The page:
Eastman Pushes Gasification | August 6, 2007 Issue - Vol. 85 Issue 32 | Chemical & Engineering News
Volume 85 Issue 32 | p. 10 | News of The Week
Issue Date: August 6, 2007

Eastman Pushes Gasification

Company says multi-billion-dollar projects are an end run around energy prices
Department: Business | Collection: Economy
Ferguson, center, examines a model of Eastman's Kingsport, Tenn., plant with engineers.
Credit: Eastman
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Ferguson, center, examines a model of Eastman's Kingsport, Tenn., plant with engineers.
Credit: Eastman

ALTHOUGH MANY COMPANIES in North America are staying out of commodity chemicals, Eastman is plunging into the business with technology that may be new to the chemical industry but is not new to Eastman. The company has signed on to two industrial gasification projects, each one a $1.6 billion investment, on the U.S. Gulf Coast.

Eastman will take a 50% stake in a project in Beaumont, Texas, that will use gasification to produce syngas, a mixture of carbon monoxide and hydrogen that then is used to make methanol and ammonia. A yet-to-be-named private equity firm will also take a stake in the venture.

The Beaumont project is scheduled to be completed in 2011. Air Products & Chemicals will build air separation plants capable of supplying 2.6 million metric tons per year of oxygen to the gasifiers. It will also market hydrogen produced by the complex. Eastman plans to run the syngas through an idle Terra Industries plant in Beaumont that can make 225 million gal of methanol and 255,000 metric tons of ammonia per year.

Eastman will take a 25% stake in another project, Faustina Hydrogen Products, which is expected to open in St. James Parish, La., in 2010. Faustina is also backed by the D. E. Shaw Group and Goldman Sachs. That project will have a configuration similar to the one in Texas, but it will yield more ammonia and less hydrogen.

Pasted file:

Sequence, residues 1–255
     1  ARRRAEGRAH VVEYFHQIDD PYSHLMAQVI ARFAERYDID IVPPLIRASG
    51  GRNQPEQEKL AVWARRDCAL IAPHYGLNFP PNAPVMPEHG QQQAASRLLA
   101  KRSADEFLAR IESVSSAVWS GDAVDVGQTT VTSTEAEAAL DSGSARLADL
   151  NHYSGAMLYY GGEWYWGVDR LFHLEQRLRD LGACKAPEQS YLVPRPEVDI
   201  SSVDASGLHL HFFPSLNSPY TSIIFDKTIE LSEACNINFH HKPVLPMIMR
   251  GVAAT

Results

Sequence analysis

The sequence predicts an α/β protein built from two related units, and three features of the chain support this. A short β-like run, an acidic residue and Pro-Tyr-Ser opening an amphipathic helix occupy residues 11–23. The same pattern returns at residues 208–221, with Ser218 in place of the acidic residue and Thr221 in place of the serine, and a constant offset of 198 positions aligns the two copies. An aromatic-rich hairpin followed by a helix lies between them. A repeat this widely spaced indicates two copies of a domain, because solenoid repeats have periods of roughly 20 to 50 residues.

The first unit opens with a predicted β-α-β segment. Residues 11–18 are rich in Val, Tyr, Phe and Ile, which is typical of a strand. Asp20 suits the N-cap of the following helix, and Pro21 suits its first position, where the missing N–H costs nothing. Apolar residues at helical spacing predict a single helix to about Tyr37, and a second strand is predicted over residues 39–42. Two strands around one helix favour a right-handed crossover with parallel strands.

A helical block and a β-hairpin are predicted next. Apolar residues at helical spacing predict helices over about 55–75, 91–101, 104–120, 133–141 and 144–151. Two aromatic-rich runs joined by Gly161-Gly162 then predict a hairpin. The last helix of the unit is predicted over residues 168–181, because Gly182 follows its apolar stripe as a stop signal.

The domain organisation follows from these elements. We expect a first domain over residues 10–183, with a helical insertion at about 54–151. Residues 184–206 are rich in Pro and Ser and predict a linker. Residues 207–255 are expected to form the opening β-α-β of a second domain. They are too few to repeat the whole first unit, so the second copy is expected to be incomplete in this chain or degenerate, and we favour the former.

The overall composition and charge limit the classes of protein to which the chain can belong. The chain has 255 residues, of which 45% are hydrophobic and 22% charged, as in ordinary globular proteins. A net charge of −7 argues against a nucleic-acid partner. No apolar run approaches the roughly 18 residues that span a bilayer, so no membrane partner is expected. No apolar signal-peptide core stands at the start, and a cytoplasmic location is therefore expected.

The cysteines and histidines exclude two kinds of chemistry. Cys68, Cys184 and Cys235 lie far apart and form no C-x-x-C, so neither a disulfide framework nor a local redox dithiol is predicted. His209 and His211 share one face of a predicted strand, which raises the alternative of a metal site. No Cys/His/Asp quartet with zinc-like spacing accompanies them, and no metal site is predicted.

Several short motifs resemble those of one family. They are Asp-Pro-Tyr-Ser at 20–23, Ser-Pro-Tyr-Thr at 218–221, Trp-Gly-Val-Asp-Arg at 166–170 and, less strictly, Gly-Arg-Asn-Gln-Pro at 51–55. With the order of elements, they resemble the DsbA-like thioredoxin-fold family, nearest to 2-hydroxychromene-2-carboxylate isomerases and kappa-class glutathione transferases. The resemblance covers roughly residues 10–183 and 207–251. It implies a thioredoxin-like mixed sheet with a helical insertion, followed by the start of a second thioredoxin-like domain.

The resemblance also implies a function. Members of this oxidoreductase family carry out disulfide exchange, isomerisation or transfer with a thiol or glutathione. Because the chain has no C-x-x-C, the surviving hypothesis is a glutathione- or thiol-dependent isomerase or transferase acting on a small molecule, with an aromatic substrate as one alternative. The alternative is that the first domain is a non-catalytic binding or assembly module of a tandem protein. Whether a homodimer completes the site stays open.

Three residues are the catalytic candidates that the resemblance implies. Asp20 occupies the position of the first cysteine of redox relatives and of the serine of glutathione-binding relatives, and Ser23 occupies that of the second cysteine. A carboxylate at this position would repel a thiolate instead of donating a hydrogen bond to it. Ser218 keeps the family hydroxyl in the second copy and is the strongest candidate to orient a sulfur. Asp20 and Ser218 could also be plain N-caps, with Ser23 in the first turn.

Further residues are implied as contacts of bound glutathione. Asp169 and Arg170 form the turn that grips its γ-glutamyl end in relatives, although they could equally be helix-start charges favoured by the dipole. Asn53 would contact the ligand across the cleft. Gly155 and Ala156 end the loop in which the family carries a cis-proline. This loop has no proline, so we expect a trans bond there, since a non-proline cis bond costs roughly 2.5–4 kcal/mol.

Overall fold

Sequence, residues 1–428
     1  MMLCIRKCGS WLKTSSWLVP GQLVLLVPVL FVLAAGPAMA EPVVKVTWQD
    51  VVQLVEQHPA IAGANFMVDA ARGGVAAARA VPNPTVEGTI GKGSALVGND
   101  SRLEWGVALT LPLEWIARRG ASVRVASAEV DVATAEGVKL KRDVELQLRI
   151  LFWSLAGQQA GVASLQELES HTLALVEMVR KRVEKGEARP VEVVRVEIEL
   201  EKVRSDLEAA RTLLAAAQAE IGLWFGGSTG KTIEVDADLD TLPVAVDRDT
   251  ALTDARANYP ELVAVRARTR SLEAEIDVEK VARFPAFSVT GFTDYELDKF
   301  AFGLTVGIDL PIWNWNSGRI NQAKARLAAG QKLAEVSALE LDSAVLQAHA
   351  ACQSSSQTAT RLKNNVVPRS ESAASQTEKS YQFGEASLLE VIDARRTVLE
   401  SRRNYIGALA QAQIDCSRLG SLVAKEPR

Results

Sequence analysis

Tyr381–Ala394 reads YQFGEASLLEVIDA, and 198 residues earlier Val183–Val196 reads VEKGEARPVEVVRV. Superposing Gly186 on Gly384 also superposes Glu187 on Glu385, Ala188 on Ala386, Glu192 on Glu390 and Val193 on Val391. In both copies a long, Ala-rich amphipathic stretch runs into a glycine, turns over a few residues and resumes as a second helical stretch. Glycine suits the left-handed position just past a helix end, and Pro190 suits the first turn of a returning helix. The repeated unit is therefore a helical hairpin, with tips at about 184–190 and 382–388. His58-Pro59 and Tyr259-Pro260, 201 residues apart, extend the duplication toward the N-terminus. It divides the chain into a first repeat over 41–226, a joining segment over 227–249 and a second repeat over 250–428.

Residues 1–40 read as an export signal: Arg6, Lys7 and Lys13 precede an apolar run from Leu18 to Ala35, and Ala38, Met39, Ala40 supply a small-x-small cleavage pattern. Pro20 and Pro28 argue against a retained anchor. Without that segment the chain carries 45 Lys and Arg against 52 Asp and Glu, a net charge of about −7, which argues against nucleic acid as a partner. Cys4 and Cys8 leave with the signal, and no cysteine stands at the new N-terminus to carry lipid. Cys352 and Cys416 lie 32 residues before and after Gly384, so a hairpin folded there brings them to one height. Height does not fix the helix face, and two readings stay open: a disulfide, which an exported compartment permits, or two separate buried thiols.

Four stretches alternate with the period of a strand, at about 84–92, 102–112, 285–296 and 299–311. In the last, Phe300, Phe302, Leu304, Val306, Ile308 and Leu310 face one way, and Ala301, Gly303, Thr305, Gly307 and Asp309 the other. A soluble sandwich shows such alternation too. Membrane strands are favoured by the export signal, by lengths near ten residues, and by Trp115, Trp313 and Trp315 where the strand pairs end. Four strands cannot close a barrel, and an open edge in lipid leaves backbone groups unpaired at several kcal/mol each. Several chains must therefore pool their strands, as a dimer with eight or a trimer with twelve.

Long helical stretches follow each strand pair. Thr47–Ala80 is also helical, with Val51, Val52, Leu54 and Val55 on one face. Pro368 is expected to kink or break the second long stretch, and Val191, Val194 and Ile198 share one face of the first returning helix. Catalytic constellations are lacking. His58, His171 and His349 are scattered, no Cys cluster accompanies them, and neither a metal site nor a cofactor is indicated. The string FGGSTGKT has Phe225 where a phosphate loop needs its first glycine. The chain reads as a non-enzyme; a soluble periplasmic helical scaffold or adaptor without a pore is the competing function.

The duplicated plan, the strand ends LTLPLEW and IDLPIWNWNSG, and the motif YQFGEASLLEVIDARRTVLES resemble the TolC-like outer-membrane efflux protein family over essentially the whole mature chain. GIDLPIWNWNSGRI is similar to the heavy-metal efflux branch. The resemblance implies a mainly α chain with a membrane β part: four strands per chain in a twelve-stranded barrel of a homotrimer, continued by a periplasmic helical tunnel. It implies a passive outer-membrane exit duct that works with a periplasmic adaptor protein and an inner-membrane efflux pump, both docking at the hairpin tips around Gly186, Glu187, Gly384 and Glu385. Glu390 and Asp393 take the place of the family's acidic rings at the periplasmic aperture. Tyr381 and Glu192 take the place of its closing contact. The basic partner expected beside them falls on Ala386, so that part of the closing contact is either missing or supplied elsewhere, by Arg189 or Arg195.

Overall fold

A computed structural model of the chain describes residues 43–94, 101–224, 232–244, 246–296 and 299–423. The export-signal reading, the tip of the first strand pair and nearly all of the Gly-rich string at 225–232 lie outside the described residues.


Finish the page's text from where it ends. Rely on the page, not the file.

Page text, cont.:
Rather than consume natural gas, the traditional syngas feedstock, both projects will rely mostly on coke, a coal-like by-product from refineries that Eastman says is normally cheaper than coal. The carbon dioxide produced in both plants will be marketed to oil firms that use it for enhanced drilling.

Eastman will buy the ventures' methanol output, which it will ultimately use to make raw materials such as propylene and ethylene oxide. The company, however, is still developing the technology for such processes and hasn't settled on a final slate of derivatives.

Eastman CEO J. Brian Ferguson told analysts after the project was announced that this uncertainty is not a problem. "We don't feel like we have a need to wait on doing these projects while we sort out the methanol derivative portfolio," he said. "The value of these projects is very high just on the hydrogen, methanol, and ammonia."

The key to the projects is that they will take the market volatility out of producing methanol and ammonia from natural gas. North American manufacturing of these chemicals has largely ended, and companies have instead turned to offshore production based on cheap natural gas. Ferguson said Eastman's projects will be competitive with such offshore facilities.

Eastman is the only U.S. chemical company to employ coal gasification on a commercial scale. Since 1983, its Kingsport, Tenn., plant has used the technology to make acetic acid, acetic anhydride, and acetate fiber such as tow, which is used for cigarette filters. Eastman's coal-based fibers division accounted for only 12% of sales but 35% of its operating profits in 2006.

P. J. Juvekar, a stock analyst with Citigroup, acknowledges that gasification is a technology risk for a chemical company, but he says Eastman may have the best chance with it.

 
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